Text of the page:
23. History of GIS (Longley & Goodchild 2005) • Controversy about the true history of GIS (parallel developments in North America, Europe, and Australia) • First period of innovation • Canada created the first GIS (1960s) • Second burst of innovation (late 1960s) • US planned to conduct the 1970 Census of population • The DIME program creates digital streets • Computers begin to be used for mapmaking (late 1960s) • (In 1995, Great Britain is the first country to have a complete digital map of the country) • 1950s: first military satellites took photos of the landscape • 1960s-1970s: from photography to remote sensing (sensing radiation from objects and converting wavelength values into an image); new civilian remote sensing systems (the LANDSAT satellite) • Modern GIS took off in the 1980s (computer hardware becomes affordable) • First GIS customers are forestry and natural resource agencies • First GIS computing system: $250,000; First GIS software: $100,000 • The GIS industry continues to grow: GIS software continues to grow, and computers continue to fall in price and increase in power

  24. GIS in the Workforce Lecture 3 http://geoinfo.sdsu.edu/hightech

  25. GIS is a key emerging and evolving industry, according to a U.S. Department of Labor 2003 report. http://www.doleta.gov:80/BRG/JobTrainInitiative/

  26. Advanced Manufacturing Aerospace Automotive Biotechnology Construction Energy Financial Services Geospatial Technology Health Care Homeland Security Hospitality Information Technology Retail Transportation The geospatial industry is a focus of president George W. Bush’s High Growth Job Training Initiative."Targeted Industries

  27. Investment in GISA Top High-Growth Industry • The market for geospatial technologies in 2002 was estimated at $5 billion. This market is projected to have annual revenues of $30 billion by 2005 • $20 billion in the remote sensing market and $10 billion in the geographical information systems (GIS) market. (Gaudet, Annulis,Carr) http://www.doleta.gov/BRG/pdf/Geospatial.pdf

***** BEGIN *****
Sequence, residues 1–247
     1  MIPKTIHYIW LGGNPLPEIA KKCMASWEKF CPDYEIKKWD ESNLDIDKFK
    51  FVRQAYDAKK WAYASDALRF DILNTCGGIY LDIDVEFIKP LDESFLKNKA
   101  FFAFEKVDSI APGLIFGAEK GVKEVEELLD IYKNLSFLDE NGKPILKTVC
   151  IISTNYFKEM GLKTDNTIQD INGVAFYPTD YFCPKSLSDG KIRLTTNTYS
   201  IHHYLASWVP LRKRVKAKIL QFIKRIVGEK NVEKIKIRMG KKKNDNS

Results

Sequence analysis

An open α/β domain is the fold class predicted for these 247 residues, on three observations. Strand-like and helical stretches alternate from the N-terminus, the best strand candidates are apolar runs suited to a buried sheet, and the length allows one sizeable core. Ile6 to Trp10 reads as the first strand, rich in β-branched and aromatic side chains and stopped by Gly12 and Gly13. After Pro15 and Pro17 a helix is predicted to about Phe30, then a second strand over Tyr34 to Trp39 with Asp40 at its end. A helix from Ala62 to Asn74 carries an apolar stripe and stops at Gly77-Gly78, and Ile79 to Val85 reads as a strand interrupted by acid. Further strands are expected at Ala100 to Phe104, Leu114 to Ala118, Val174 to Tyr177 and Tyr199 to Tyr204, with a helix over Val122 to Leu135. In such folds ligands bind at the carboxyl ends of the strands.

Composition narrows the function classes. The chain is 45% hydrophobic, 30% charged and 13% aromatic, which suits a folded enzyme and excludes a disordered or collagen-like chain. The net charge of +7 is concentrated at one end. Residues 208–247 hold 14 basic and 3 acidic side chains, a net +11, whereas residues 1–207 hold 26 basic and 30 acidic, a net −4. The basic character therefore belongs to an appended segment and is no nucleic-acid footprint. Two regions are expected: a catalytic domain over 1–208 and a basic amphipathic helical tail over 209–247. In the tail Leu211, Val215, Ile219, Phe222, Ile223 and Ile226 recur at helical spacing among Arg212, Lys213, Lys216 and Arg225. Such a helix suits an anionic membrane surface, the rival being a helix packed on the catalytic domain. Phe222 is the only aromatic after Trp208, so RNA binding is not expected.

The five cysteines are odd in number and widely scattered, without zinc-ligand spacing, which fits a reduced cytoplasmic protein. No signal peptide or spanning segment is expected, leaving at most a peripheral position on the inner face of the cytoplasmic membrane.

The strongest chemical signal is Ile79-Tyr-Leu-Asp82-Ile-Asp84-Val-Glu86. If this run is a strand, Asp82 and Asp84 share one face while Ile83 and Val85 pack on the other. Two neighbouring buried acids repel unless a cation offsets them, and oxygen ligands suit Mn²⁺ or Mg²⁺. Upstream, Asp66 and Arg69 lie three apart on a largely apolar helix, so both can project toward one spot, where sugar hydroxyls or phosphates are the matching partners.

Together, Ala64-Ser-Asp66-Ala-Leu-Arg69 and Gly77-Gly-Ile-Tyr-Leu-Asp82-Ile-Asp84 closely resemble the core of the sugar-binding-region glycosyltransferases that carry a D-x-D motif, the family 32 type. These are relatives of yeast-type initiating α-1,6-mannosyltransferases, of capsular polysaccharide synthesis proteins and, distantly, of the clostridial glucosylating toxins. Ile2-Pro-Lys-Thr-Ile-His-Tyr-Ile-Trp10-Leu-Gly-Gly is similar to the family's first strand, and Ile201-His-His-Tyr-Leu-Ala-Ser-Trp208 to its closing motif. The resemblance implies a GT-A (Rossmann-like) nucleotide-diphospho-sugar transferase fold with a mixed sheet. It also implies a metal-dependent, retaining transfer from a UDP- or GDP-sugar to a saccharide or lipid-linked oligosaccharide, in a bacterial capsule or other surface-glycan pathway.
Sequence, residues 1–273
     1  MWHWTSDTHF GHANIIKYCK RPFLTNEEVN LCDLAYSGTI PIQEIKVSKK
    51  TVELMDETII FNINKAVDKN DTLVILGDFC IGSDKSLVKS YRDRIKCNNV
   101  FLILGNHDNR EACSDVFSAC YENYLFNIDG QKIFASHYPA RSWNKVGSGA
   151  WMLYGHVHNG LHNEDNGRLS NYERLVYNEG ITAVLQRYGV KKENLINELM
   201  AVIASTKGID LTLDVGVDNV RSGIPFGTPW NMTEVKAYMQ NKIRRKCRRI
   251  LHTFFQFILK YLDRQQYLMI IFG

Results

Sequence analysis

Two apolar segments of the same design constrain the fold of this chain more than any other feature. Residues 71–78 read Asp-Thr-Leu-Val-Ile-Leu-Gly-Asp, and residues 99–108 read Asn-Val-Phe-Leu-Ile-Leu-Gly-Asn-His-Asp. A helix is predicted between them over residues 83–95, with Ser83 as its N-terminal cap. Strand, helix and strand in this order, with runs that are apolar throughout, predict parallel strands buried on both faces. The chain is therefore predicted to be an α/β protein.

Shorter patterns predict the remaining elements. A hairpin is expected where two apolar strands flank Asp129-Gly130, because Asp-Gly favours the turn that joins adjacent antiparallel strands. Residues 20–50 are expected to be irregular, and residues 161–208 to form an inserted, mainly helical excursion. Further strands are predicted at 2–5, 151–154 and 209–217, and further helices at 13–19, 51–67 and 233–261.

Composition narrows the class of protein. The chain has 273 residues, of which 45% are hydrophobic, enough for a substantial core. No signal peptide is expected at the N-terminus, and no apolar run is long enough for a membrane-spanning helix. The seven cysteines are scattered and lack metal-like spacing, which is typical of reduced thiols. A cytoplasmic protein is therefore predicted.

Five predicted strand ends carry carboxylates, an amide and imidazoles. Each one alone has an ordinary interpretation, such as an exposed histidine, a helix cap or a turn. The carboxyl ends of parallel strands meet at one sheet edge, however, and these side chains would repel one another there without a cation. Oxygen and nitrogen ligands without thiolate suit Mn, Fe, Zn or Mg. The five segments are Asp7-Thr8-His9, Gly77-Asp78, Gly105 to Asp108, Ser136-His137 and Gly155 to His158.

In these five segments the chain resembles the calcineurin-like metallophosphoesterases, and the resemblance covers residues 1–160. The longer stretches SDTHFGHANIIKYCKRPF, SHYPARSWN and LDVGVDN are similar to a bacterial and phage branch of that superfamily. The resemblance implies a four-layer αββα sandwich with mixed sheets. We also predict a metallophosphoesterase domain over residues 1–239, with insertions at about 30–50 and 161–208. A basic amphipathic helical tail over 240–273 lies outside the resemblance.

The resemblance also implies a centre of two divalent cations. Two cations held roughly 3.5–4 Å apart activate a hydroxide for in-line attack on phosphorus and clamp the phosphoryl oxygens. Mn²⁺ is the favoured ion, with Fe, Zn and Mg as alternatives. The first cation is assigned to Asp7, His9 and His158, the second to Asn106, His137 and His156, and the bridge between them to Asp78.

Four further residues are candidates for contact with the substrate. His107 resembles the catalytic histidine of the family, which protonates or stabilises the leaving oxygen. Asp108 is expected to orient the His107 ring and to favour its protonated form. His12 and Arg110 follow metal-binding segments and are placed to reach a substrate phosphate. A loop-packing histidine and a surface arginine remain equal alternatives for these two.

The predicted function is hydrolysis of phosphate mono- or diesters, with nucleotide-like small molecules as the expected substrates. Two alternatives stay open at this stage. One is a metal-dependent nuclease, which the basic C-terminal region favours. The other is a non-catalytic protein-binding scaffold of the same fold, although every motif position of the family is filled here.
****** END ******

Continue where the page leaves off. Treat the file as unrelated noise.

28. Careers in GISGIS is a cross-disciplinary field and is found in the classrooms of many academic departments including those listed below. • Agriculture • Architecture • Business • Education • Engineering • Humanities • Law • Library • Military Science • Natural Resource Management • Natural Sciences • Public Health and Medicine • Physical Sciences • Social Sciences @ ESRI http://www.gis.com/careers/geospatial_career.html

  29. What do GIS professionals do? GIS professionals use GIS to visualize, analyze, and model systems to help in the planning and decision-making processes of their organizations. They make geographic information accessible to scientists, planners, decision makers, and the public. @ ESRI http://www.gis.com/careers/geospatial_career.htm

  30. GIS careers typically include positions such as: • Cartographic designer • Computer programmer • Database administrator • Project manager • System administrator • Surveying • They also encompass business development, managerial, and administrative roles.

  31. GIS professionals are educated in three main ways: • Through special certificate programs at colleges and universities (most common) • Through degree programs at colleges and universities • As part of the curriculum in other specialties such as while pursuing an urban planning degree @ ESRI http://www.gis.com/careers/geospatial_career.html

  32. Getting Started with Geographic Information Systems (Clarke 2001) GIS is a Multibillion-Dollar Business • The field of GI Science has grown rapidly • Cost reductions in technology since 1982 • Almost every major academic institution in the US and many other countries now offers at least one GIS class • Most local, state, and federal agencies use GIS • GIS is also used by businesses, planners, architects, and people working with the physical environment

  33. GIS has a role in society • GIS is used in decision making • GIS is used in public settings like town meetings (Participatory GIS) • Different groups use the same GIS software and data in different ways • People determine the purpose of GIS